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Comment from the book world in July 2008

July 2008

'The most important thing in life'

21 July 2008

'Books are the most important thing in life to me. I want to be doing the thing I love best. It's a need to process life, instead of just taking what life throws at you and being passive, a need to take life and make something of it.'

Sophie Hannah in the Independent on Sunday

'The birth pangs of a golden age'

14 July 2008

'It remains the paradox of the world wide web and the global economy that, while this has been the decade in which millions have found a voice through the internet, only a minority has discovered an audience. Self-expression has been democratised, but books and writers still face that age-old struggle to achieve a readership. How they do that remains a mystery, but in the alchemy of literary success, 'word of mouth' remains essential...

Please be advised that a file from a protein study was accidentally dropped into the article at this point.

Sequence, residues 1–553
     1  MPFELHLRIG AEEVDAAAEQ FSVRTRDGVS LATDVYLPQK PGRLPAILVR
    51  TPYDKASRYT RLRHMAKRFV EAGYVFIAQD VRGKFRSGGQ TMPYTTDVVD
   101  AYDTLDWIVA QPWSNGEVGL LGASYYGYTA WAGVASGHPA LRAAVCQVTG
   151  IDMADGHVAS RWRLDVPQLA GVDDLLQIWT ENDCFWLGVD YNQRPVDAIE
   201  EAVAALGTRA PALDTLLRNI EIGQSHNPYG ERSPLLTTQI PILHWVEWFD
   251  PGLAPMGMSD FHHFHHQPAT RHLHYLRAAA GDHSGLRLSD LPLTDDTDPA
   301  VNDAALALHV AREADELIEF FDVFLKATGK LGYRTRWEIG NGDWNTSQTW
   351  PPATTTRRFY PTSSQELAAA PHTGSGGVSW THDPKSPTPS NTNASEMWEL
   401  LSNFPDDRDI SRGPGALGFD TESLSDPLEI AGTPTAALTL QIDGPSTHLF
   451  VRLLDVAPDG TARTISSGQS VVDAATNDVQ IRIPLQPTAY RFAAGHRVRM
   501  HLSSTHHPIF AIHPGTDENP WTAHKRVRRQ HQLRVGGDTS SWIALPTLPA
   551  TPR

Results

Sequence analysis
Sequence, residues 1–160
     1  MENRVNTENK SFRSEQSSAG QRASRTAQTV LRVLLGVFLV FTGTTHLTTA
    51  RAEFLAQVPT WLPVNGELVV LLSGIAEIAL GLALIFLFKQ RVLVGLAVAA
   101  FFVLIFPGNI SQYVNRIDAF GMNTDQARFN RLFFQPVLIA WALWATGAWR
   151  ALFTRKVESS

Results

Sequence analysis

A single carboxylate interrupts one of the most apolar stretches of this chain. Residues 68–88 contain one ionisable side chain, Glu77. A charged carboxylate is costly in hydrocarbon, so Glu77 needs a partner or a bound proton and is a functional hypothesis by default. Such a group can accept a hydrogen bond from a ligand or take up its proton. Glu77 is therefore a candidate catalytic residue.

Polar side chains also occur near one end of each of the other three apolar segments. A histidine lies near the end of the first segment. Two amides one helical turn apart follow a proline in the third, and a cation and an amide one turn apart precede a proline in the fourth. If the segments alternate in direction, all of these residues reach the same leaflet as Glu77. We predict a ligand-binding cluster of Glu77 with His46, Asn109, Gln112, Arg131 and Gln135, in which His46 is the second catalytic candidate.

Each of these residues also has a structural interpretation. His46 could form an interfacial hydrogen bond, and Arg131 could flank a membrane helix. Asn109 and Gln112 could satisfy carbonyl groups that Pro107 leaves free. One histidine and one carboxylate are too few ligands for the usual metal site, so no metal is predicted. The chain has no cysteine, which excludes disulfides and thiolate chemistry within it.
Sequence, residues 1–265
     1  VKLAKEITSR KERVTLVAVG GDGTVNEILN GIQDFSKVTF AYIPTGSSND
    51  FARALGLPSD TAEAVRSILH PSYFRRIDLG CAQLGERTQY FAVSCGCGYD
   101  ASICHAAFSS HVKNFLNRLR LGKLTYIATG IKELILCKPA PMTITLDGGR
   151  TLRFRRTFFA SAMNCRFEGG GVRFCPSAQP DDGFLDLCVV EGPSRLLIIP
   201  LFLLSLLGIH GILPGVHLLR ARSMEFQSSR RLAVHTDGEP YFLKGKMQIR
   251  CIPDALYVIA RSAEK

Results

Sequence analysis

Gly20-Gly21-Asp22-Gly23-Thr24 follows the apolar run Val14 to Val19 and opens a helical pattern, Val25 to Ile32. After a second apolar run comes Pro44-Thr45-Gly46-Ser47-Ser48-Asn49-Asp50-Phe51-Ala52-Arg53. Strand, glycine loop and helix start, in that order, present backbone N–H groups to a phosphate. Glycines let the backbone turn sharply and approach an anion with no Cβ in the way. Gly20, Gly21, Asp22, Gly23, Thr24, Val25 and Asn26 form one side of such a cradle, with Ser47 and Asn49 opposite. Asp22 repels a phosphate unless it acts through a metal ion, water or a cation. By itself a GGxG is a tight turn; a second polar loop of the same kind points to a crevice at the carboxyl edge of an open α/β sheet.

'Behind the brilliant facade of new technology, new money, and new markets, there has indeed been a massive interior renovation in the house of books: senior editors taking early retirement, small imprints selling up, little magazines folding, middle-aged writers giving up and corner bookshops closing down countrywide. At the same time, introspective, old-style bookishness has been replaced by another icon of these times - the literary festival...

'What I have described are the birth pangs of a golden age. The market for the printed book is now global; the opportunities for the digital book are almost unimaginable. To be a writer in the English language today is to be one of the luckiest people alive.'

Robert McCrum in the Observer

'Confident and optimistic'

7 July 2008

'Bookselling is a noble profession and physical bookstores do have a future. Books are the essential cornerstone of civilisation and fundamental to human knowledge. Our stores have a huge role to play in the cultural life of particular areas. Bookshops should reach out to neighbourhoods and be involved with the community - they perform an important social function.People want experiential activity that you cannot get online - most book-lovers do want to interact with other people.'

The book trade is relatively safe. It is well established and stable. There are more books sold than ever before, the market is growing and more people are reading. Its profits and margins are also significantly robust. I think the trade should be confident and optimistic.'

Luke Johnson, Chairman of Borders UK, at the Booksellers' Association conference, in Publishing News